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EPO vs. USPTO Citation Lags

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Author Info

  • Fabio Montobbio

    (University of Insubria and CESPRI, Università Bocconi, Milano)

  • E. Bacchiocchi

    (University of Milan,)

Abstract

This paper estimates the diffusion and obsolescence of technological knowledge by technological field, country and type of institutions that generates it. We use two comparable samples of patents and patent citations from the NBER U.S. Patent Citations Dataset (based on patents from the US Patent Office) and from the EP Cespri Dataset (based on patents from the European Patent Office). Using a quasi-structural model, as proposed by Caballero and Jaffe (1993) and discussed in Hall et al. (2001), We test whether the observed processes of knowledge diffusion and obsolescence reflect the specific institutional mechanism generating them. Results show that at the USPTO there are more citations per patent due to the different rules governing citation practices and that their median lag is twice as large relatively to the citations at the EPO. We also find that the relative properties of the citation frequencies indifferent technological fields change according to the patent office considered.

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File URL: ftp://ftp.unibocconi.it/pub/RePEc/cri/papers/WP161Montobbio.pdf
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Bibliographic Info

Paper provided by KITeS, Centre for Knowledge, Internationalization and Technology Studies, Universita' Bocconi, Milano, Italy in its series KITeS Working Papers with number 161.

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Length: 20 pages
Date of creation: Sep 2004
Date of revision: Sep 2004
Handle: RePEc:cri:cespri:wp161

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Related research

Keywords: Patent citations; Knowledge flows; Spillovers; Diffusion; Patent Examiners.;

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References

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  1. Bronwyn H. Hall & Adam B. Jaffe & Manuel Trajtenberg, 2001. "The NBER Patent Citation Data File: Lessons, Insights and Methodological Tools," NBER Working Papers 8498, National Bureau of Economic Research, Inc.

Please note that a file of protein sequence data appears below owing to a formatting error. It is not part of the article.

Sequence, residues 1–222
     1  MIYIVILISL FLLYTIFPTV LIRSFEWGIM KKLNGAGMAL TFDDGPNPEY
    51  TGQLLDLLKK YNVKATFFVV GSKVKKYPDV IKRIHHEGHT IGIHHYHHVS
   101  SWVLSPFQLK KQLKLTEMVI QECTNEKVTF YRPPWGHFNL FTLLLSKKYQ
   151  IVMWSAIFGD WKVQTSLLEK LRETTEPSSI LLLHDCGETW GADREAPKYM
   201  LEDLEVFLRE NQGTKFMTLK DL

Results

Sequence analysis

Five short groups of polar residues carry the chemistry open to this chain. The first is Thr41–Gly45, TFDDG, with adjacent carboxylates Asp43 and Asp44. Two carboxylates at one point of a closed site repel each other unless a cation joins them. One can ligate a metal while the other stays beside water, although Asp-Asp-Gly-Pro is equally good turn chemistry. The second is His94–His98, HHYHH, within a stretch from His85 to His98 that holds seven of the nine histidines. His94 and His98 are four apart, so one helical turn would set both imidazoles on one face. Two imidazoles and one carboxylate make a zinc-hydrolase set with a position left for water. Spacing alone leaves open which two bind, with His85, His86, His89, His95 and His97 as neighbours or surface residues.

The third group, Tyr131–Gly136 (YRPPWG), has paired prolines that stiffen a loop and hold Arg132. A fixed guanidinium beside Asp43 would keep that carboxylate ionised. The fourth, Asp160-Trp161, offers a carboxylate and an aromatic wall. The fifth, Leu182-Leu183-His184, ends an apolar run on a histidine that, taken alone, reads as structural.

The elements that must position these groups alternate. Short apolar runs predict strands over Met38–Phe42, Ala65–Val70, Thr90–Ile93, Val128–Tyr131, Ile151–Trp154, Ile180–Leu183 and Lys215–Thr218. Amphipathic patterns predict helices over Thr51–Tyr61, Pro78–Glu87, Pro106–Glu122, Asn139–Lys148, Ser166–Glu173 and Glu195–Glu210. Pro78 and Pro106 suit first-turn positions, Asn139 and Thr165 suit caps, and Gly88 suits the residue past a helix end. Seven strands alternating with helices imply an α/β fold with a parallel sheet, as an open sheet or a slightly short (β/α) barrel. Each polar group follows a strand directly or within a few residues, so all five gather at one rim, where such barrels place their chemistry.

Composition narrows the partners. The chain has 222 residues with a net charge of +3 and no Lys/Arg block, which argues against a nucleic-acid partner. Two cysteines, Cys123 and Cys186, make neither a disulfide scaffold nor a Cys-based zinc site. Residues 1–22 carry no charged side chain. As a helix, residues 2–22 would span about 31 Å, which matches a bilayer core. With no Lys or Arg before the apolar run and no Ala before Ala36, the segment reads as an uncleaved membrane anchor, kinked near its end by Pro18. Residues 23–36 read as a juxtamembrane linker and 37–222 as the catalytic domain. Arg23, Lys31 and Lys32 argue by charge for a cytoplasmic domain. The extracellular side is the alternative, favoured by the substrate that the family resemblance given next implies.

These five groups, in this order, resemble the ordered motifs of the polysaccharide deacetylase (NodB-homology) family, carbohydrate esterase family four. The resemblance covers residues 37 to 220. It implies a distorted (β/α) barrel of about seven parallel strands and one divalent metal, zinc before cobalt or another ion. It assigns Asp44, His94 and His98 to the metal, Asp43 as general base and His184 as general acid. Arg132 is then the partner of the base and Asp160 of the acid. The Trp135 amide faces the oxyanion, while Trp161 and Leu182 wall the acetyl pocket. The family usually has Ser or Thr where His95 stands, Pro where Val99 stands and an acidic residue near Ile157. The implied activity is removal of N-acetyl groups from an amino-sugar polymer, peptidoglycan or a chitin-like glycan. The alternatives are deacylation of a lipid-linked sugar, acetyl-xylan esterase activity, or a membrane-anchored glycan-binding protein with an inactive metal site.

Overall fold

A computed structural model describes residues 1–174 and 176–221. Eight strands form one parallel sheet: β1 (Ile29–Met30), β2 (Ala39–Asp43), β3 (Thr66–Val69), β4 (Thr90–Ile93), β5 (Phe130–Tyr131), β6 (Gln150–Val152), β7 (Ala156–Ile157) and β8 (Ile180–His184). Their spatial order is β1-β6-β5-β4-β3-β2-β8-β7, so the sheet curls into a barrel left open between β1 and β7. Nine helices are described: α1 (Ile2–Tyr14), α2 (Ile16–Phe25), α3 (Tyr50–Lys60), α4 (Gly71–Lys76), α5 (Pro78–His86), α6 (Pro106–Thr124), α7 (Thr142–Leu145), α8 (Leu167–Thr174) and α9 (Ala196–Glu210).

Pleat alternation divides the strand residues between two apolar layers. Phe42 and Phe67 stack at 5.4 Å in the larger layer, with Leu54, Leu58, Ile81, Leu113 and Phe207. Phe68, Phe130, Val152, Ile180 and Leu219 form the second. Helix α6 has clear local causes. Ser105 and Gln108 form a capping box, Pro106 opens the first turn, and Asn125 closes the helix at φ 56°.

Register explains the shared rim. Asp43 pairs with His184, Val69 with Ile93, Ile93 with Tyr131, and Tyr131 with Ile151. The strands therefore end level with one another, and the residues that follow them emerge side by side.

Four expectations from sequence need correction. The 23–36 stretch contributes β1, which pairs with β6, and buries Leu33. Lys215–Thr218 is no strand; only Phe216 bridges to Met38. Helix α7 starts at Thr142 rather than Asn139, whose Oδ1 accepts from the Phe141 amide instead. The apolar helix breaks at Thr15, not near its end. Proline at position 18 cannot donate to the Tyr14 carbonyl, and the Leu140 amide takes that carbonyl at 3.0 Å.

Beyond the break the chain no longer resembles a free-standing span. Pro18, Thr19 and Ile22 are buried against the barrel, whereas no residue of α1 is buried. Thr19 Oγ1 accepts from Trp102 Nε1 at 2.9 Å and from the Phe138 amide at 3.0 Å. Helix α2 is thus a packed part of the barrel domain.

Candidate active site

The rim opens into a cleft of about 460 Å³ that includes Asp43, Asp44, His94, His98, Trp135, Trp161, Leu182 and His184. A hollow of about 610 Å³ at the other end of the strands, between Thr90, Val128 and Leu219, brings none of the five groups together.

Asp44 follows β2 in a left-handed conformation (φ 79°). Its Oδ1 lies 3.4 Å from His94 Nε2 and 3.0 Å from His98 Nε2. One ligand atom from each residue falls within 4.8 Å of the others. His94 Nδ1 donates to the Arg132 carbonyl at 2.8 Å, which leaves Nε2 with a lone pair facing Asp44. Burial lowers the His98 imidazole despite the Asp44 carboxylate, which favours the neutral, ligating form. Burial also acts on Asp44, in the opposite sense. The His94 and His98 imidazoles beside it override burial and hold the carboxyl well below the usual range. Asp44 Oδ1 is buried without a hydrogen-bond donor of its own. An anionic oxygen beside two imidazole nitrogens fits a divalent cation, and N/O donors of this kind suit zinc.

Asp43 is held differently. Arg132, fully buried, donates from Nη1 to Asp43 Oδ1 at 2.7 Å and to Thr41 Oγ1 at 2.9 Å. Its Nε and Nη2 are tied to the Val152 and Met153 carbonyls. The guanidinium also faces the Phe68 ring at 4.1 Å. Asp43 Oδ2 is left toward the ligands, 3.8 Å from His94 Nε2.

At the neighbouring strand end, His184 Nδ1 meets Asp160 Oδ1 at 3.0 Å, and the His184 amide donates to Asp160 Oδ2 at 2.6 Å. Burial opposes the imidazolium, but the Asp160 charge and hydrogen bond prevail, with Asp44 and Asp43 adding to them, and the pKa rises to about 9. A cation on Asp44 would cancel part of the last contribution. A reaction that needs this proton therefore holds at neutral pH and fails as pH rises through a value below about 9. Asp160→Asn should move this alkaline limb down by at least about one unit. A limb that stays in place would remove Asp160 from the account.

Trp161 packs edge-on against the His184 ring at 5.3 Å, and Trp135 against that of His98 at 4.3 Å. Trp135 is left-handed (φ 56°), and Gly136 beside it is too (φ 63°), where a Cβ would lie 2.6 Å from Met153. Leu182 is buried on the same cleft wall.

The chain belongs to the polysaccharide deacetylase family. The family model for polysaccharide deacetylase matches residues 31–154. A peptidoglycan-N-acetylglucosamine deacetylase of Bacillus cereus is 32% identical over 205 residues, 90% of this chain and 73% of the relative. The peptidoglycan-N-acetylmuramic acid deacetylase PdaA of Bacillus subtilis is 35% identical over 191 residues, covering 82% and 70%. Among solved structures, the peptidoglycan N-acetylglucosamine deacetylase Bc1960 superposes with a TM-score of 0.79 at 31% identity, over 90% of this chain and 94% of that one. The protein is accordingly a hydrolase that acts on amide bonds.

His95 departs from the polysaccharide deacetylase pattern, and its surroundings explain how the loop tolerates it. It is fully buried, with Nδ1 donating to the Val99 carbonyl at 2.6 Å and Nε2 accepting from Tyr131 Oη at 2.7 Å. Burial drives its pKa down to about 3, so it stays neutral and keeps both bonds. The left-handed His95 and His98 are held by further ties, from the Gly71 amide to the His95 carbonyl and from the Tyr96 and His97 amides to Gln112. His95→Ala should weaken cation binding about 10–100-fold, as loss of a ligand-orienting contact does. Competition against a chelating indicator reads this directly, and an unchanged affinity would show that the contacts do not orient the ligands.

2. Malerba Franco & Mancusi Maria Luisa & Montobbio Fabio, 2003. "Innovation and Knowledge Spillovers: Evidence from European Data," Economics and Quantitative Methods qf0319, Department of Economics, University of Insubria.
  3. Fung, Michael K., 2003. "Technological proximity and co-movements of stock returns," Economics Letters, Elsevier, vol. 79(1), pages 131-136, April.
  4. Bronwyn H. Hall & Adam Jaffe & Manuel Trajtenberg, 2001. "Market Value and Patent Citations: A First Look," Development and Comp Systems 0012002, EconWPA.
  5. Adam B. Jaffe & Manuel Trajtenberg, 2005. "Patents, Citations, and Innovations: A Window on the Knowledge Economy," MIT Press Books, The MIT Press, edition 1, volume 1, number 026260065x, December.
  6. Stefano Breschi & Francesco Lissoni, 2004. "Knowledge networks from patent data: Methodological issues and research targets," KITeS Working Papers 150, KITeS, Centre for Knowledge, Internationalization and Technology Studies, Universita' Bocconi, Milano, Italy, revised Jan 2004.
  7. Jean O. Lanjouw & Mark Schankerman, 2004. "Patent Quality and Research Productivity: Measuring Innovation with Multiple Indicators," Economic Journal, Royal Economic Society, vol. 114(495), pages 441-465, 04.
  8. Dietmar Harhoff & Francis Narin & F. M. Scherer & Katrin Vopel, 1999. "Citation Frequency And The Value Of Patented Inventions," The Review of Economics and Statistics, MIT Press, vol. 81(3), pages 511-515, August.
  9. Adam Jaffe & Manuel Trajtenberg, 1999. "International Knowledge Flows: Evidence From Patent Citations," Economics of Innovation and New Technology, Taylor & Francis Journals, vol. 8(1-2), pages 105-136.
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Citations

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Cited by:
  1. Emanuele Bacchiocchi & Fabio Montobbio, 2006. "Knowledge diffusion from university and public research. A comparison between US, Japan and Europe using patent citations," KITeS Working Papers 193, KITeS, Centre for Knowledge, Internationalization and Technology Studies, Universita' Bocconi, Milano, Italy, revised Dec 2006.
  2. Bronwyn H. Hall & Grid Thoma & Salvatore Torrisi, 2007. "The market value of patents and R&D: Evidence from European firms," NBER Working Papers 13426, National Bureau of Economic Research, Inc.
  3. Aditi Mehta & Marc Rysman & Tim Simcoe, 2006. "Identifying the Age Profile of Patent Citations," Boston University - Department of Economics - Working Papers Series WP2006-022, Boston University - Department of Economics.
  4. Dirk Czarnitzki & Katrin Hussinger & Cédric Schneider, 2011. "Commercializing academic research: the quality of faculty patenting," Industrial and Corporate Change, Oxford University Press, vol. 20(5), pages 1403-1437, October.

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